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About The Chattanooga news. [volume] (Chattanooga, Tenn.) 1891-1939
Chattanooga, Tenn. (1891-1939)
- The Chattanooga news. [volume] : (Chattanooga, Tenn.) 1891-1939
- Alternative Titles:
- Chattanooga evening news
- Place of publication:
- Chattanooga, Tenn.
- Geographic coverage:
- News Pub. Co.
- Dates of publication:
- Vol. 6, no. 112 (Apr. 23, 1891)-v. 52, no. 144 (Dec. 16, 1939).
- Daily (except Sunday) Jan. 16, 1893-Dec. 16, 1939
- Chattanooga (Tenn.)--Newspapers.
- Hamilton County (Tenn.)--Newsapers.
- Tennessee--Hamilton County.--fast--(OCoLC)fst01209591
- Archived issues are available in digital format from the Library of Congress Chronicling America online collection.
- Merged with: Chattanooga free press (Chattanooga, Tenn. : 1933), to form: Chattanooga news-free press.
- sn 85038531
- Preceding Titles:
- Succeeding Titles:
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- First Issue Last Issue
The Chattanooga News
Jerome Balaam Pound and William M. Bearden published the first issue of the Chattanooga Evening News on July 2, 1888. Pound gained his initial experience in newspaper publishing at the age of 16 when he established the Macon [Georgia] Daily News in1884. After four years, he sold the paper and moved to Chattanooga, Tennessee, where he entered into a partnership with Bearden and began publishing the Chattanooga Evening News (the word "evening" was dropped from the title in 1891). During his three-decade-long tenure in the newspaper industry, Poundalso revived the Knoxville Sentinel (1891), purchased the Knoxville Tribune (1894), and established the Memphis Morning News (1902). Pound later ventured into the hotel business and also owned several radio stations throughout the American South in the 1920s and 1930s. In 1909, Pound sold the Chattanooga News to George Fort Milton, who incorporated the holding as the Chattanooga News Co. and became its president and editor.
Under Milton's leadership, the daily newspaper thrived through the World War I years. Despite paper shortages that crippled some newspapers in the United States, theChattanooga News averaged a healthy wartime length of 15 to 20 pages per edition at a cost of five to six cents for single-issue sales and $5 to $6 for an annual subscription. Troops located at nearby training camps such as Camp Warden McLean could purchase single copies of the newspaper for a discounted three cents per issue.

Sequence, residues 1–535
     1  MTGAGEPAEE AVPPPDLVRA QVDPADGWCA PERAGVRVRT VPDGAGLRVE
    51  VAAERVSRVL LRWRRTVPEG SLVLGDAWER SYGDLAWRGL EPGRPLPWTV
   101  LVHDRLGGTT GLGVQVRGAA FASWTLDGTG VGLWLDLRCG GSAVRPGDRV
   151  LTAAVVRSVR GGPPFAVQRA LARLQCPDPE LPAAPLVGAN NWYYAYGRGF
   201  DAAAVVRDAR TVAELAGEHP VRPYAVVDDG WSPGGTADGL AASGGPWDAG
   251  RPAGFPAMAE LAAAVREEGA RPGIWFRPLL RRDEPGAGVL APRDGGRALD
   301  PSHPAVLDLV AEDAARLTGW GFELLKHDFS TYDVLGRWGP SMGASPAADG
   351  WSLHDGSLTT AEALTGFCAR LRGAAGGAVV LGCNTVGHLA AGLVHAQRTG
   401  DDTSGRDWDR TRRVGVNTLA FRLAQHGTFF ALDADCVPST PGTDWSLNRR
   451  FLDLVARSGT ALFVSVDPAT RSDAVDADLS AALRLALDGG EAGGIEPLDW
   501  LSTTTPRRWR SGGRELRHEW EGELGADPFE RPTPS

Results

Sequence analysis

Upon purchasing a copy of the daily, readers encountered typical news fare of the early 20th century. Borrowing from the New Journalism features of Hearst and Pulitzer, Milton exposed readers to bold front-page headlines of wartime news such as President Woodrow Wilson's triumphant arrival in Rome on January 3, 1919 amid cheers from throngs of admirers. "No Caesar Ever Given So Great An Ovation," Milton's headline informed readers. As well as war news of national importance, the paper also supplied news of local heroes at the front. Rolls of honor listed the names of soldiers who had been wounded or killed, and articles featured tales of individuals' heroics, and sometimes soldiers' photographs.
Under Milton, the Chattanooga News provided everything from editorial cartoons and comic strips to syndicated news and columns from the Associated Press and even a sports page. To ring in the New Year in 1919, Milton's sports desk editor saw fit to tell readers that Chicago baseball owner Charles A. Comiskey had tapped William "Kid" Gleason to manage the soon-to-be infamous White Sox squad during the 1919 season. National sports and entertainment fare such as this was reported alongside coverage of the war and politics such as the upcoming 1920 presidential election and local news such as obituaries and the society page.
Milton served as the president and editor of the Chattanooga News until his death in April 1924. At that time his son, George Fort Milton, Jr., became president and editor, and Walter C. Johnson became vice president and general manager. After several shifts in leadership in the late 1930s, the Chattanooga News merged with the Chattanooga Free Press in 1940 to create the Chattanooga News-Free Press, a precursor to today's Chattanooga Times Free Press.
Provided by: University of Tennessee